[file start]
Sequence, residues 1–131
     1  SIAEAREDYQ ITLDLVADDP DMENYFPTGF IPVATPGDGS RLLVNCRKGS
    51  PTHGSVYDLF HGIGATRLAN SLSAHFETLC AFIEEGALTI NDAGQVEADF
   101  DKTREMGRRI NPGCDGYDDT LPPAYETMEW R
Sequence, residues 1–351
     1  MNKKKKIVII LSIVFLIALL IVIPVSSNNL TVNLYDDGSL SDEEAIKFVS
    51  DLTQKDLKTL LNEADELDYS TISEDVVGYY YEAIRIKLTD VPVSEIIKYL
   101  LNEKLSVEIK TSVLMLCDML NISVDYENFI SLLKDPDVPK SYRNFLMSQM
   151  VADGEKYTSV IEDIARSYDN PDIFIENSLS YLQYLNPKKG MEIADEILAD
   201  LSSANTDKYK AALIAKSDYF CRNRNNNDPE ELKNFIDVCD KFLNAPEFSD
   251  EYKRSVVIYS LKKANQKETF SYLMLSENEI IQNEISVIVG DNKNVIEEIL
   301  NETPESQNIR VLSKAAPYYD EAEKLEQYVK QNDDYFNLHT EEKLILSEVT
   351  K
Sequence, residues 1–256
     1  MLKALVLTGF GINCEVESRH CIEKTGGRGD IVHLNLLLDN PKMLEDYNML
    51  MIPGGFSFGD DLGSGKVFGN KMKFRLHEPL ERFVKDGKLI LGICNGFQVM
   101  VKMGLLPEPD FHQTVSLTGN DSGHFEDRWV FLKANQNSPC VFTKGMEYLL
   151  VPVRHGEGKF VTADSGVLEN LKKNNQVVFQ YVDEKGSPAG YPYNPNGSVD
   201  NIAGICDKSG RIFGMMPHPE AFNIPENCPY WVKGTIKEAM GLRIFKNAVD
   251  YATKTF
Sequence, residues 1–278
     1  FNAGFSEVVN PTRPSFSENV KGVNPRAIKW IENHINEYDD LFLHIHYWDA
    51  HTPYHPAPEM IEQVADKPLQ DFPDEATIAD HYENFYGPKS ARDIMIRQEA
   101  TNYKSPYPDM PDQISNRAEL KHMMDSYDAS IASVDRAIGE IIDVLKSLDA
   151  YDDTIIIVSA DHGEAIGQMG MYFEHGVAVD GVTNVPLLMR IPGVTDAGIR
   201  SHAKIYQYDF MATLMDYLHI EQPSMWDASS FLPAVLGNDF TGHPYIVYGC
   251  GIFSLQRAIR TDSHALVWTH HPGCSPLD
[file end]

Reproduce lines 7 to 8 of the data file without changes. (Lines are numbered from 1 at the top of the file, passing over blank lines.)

    51  DLTQKDLKTL LNEADELDYS TISEDVVGYY YEAIRIKLTD VPVSEIIKYL
   101  LNEKLSVEIK TSVLMLCDML NISVDYENFI SLLKDPDVPK SYRNFLMSQM